Published 31 May 2018 Share close Share page Copy link About sharing By Kelly-Leigh Cooper BBC News The decision to publicly release propaganda-style videos recorded by the Parkland, Florida, shooting suspect has infuriated some student survivors and victims’ relatives. Many have spoken out against the decision on social media, and have asked media organisations to refrain from publishing the videos to reduce the level of fame and notoriety the suspect is given. The footage were released by Broward County authorities on Wednesday, which some news organisations then published in full. In one of the clips, the suspect says: “When you see me on the news, you’ll know who I am.” This led to several students from the school accusing the media of giving the suspect what he wanted, and reignited the debate about appropriate coverage of mass shootings. Should the suspect’s identity be minimised? Yes, according to Caren and Tom Teves. Their 24-year-old son Alex died in the Aurora Cinema shooting in 2012 alongside 11 others. The couple launched a campaign called No Notoriety after becoming increasingly exasperated by perpetrator-focused rolling news coverage of the attack. School threats spike ‘significantly’ after Florida Six radical ways to tackle school shootings US… Read full this story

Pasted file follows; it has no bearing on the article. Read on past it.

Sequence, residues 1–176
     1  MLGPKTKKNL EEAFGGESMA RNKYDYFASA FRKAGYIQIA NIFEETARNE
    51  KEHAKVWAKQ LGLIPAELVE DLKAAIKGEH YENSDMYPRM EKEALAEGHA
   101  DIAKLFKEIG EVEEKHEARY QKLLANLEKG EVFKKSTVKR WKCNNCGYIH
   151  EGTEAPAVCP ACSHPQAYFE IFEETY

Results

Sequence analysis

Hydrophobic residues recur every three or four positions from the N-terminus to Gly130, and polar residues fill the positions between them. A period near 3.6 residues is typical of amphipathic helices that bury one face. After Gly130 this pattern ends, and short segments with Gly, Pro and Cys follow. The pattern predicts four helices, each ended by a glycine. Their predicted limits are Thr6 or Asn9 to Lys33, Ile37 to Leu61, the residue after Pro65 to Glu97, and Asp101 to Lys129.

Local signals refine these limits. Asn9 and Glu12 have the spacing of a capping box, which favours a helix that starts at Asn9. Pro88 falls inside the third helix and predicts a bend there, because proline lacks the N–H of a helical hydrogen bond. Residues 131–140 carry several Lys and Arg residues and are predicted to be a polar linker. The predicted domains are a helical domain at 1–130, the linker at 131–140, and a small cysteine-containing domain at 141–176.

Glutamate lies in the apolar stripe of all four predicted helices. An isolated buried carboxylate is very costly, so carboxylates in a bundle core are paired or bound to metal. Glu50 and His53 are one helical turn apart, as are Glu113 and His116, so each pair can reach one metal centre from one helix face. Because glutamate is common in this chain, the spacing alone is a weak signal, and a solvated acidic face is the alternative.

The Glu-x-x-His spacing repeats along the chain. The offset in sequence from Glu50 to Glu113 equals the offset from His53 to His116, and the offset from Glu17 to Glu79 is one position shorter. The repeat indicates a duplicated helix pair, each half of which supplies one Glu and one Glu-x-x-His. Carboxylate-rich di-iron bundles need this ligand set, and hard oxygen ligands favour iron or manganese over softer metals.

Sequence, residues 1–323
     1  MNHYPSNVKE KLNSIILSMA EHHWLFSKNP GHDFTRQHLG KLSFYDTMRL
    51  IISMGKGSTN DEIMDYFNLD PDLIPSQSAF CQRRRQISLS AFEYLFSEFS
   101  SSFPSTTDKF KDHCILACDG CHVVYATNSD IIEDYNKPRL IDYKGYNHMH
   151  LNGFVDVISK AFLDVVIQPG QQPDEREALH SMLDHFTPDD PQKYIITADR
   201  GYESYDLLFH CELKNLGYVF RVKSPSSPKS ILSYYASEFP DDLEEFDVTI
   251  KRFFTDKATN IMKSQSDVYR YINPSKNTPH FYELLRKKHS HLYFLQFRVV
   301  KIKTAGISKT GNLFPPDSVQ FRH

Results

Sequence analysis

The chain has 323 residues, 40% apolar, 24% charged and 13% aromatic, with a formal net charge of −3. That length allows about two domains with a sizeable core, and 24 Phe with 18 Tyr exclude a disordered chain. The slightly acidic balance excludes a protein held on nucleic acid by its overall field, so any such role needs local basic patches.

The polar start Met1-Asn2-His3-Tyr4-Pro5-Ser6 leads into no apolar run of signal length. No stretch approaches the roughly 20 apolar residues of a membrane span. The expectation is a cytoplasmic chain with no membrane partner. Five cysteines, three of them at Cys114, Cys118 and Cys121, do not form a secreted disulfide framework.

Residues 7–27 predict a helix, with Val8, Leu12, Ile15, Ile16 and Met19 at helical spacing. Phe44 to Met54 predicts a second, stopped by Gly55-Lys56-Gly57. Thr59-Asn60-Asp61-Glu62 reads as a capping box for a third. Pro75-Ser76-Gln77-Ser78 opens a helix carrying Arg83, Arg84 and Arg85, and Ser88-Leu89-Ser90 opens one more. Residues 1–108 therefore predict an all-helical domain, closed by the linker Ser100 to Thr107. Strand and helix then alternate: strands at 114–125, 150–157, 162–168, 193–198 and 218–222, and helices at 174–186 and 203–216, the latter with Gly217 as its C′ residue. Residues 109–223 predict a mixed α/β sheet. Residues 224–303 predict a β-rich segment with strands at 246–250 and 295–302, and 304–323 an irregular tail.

- Texas Walmart shooting 'domestic terrorism'
- POLITICO Playbook: Trump heads into buzzsaw in North Carolina
- Trump unleashed a Twitter storm as Dorian blew past Florida
- Restoring voting rights deserves more scrutiny
- Britain’s election may be lucky Brex for Ireland
Does the media have a problem with coverage of mass shootings? have 237 words, post on www.bbc.co.uk at May 31, 2018. This is cached page on Vietnam Colors. If you want remove this page, please contact us.